I've only just started reading this book, so I don't really know what to make of it, but the subject matter is interesting.
Personally, I'm not a fan of drugs, regardless of whether they're prescription, over the counter or illegal. They do have their place in treating illness, but they're an absolute last resort for me, and I think our culture has become over-reliant on them. I will take them with caution, after research, when I need to, but if I can avoid them, I do.
That said, I'm still very interested in how they work, the social challenges around them and their history. The history of marijuana in the US is especially interesting, and it's a shame the plant itself isn't explored more extensively for its medicinal uses.
Thanks, as always, goes out to MizB over at Should Be Reading for hosting this game.
"Whether a drug is legal or illegal, approved or disapproved, obtained from a physician or bought on the black market, if the user is aware of its nature, can maintain a useful effect from it over time, can easily separate himself or herself from it, and can remain free from adverse effects, that is a good relationship with the drug.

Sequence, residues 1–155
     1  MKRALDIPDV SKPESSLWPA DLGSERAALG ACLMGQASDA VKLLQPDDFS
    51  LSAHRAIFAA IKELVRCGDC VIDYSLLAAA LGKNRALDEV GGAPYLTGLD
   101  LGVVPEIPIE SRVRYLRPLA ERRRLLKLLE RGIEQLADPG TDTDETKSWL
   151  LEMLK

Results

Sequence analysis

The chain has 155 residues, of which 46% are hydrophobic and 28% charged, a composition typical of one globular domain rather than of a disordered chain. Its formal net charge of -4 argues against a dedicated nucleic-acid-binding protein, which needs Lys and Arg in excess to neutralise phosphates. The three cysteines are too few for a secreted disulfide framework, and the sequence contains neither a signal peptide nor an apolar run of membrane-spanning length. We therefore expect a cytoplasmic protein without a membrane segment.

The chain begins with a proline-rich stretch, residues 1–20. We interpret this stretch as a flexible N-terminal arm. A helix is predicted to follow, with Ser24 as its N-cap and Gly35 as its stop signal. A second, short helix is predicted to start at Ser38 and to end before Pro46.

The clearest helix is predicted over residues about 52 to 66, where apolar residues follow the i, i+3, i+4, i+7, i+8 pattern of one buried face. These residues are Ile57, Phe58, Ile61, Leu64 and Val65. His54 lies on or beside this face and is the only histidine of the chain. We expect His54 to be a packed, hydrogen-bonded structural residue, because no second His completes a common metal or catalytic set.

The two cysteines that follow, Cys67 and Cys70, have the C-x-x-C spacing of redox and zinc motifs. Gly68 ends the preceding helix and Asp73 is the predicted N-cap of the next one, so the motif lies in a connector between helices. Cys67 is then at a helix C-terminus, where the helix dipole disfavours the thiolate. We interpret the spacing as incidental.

Bad relationships with drugs begin with ignorance of the nature of the substance and loss of the desired effect with increasing frequency of use, and progress to difficulty in leaving the drug alone, with eventual impairment of health or social functioning." - From Chocolate to Morphine: Everything You Need to Know About Mind Altering Drugs, by Andrew Well MD & Winifred Rosen